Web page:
Forgotten man? Pirates high on righty Cumpton
Overshadowed by higher-profile prospects, pitcher has makeup to succeed
Clint Hurdle calls it "outside noise." And a lot of it is now being raised for right-handers Jameson Taillon and Tyler Glasnow who, at No. 16 and No. 27, respectively, gave the Pirates the highest-ranking pitching tandem in MLB.com's list of Top 100 Prospects.
People are similarly enthused over the promise of other arms in the system -- most notably that of Luis Heredia and Nick Kingham. They were excited by Gerrit Cole already delivering on that promise, and look forward to more.
Falling in the crack between promise offered and delivered is Brandon Cumpton, who has neither the fanfare nor the drool of scouts. Maybe that's the lot of ninth-round Draft picks (in 2010) who don't scorch mitts with high-90s heat.
What this 25-year-old righty does have is an intriguing Major League baptismal, and "inside" cred.
"He hasn't fallen between any cracks for us," said Larry Broadway, the Bucs' director of Minor League operations. "He may not get as much attention from the media, but he hasn't fallen off the radar from our perspective. He's very much a part of our plans, definitely in the mix."
Cumpton made his big league debut on June 15, 2013, against the Dodgers, as a sub for A.J. Burnett, who two days earlier had gone on the disabled list with a right calf strain. Could Cumpton now be the permanent replacement for Burnett, if the veteran elects to retire or to sign with another team?
Cumpton will check into Pirate City for the start of Spring Training next month with a pretty neat feather: A scoreless streak of 15 innings across the final three of his six appearances with the Bucs.
Also neat: His No. 12 was retired the other day by the Greenbrier (Ga.) High School Wolfpack, his prep alma mater.
The Hurdle-Neal Huntington Pirates love big arms with swing-and-miss stuff. Cumpton does not have that (90 strikeouts in 122 innings last season with Triple-A Indianapolis). What the Georgian does have is mound smarts and grit.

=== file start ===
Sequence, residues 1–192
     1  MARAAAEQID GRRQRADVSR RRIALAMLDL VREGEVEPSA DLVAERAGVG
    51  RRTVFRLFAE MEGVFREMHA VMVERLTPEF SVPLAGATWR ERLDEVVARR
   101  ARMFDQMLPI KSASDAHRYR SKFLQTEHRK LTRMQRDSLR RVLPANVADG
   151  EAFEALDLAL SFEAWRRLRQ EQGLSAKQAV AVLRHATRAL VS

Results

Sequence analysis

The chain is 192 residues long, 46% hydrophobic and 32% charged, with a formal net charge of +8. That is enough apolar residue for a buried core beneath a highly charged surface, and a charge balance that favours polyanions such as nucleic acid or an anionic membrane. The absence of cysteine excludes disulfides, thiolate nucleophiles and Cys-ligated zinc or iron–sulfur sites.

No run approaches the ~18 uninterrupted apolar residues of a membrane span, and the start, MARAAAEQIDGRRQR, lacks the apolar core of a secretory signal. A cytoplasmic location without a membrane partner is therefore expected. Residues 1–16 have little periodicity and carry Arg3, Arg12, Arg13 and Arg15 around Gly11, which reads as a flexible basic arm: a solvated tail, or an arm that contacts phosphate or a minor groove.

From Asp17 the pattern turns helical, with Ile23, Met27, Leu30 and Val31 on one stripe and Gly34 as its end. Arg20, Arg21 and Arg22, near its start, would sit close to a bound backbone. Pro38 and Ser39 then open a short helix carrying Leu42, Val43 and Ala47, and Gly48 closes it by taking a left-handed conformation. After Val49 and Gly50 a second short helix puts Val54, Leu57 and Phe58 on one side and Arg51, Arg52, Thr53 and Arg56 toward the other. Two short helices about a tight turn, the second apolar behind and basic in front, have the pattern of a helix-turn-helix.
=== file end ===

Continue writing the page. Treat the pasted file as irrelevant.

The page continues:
"He's got good enough stuff and all that," Broadway said, "but the separator that makes him a successful competitor is the fortitude he has on the mound. That's the first thing that comes to mind with him -- how competitive he is.
"When he takes the mound, he almost pitches angry. He won't back down. He's not going to throw 96-97 or have a huge breaking ball, but he won't get scared."
The Pirates saw repeated evidence of that. In three stints last season with the big league club, Cumpton went 2-1 with a 2.05 ERA over six appearances (five starts). He was scored on in only four of the 31 innings he worked.
Most impressive, Cumpton's Major League landing was anything but soft: Five of his six outings were against postseason clubs (Dodgers, Cardinals, thrice Reds). Hurdle got an instant look at Cumpton's makeup when, in his debut, he dueled eventual National League Cy Young Award winner Clayton Kershaw to a 1-1 standoff through five innings.
Hurdle was impressed with Cumpton's "fastball command to both sides of the plate, and he was aggressive inside with a very good mix of pitches. He's a pitch-to-contact guy, and he went after them."
Cumpton had been blindsided by his mid-June promotion from Indianapolis, ahead of some higher-profile prospects, and the unexpected development may have prevented a buildup of butterflies. But, as Broadway attested, the look in Cumpton's eyes says the bigger the challenge, the louder the response.
"I tried to learn from each outing," Cumpton said in reflection of his 2013 cameos. "Take the positive and stick it in the memory bank, and also note what I struggled with and continue to work on those things and hopefully keep getting better."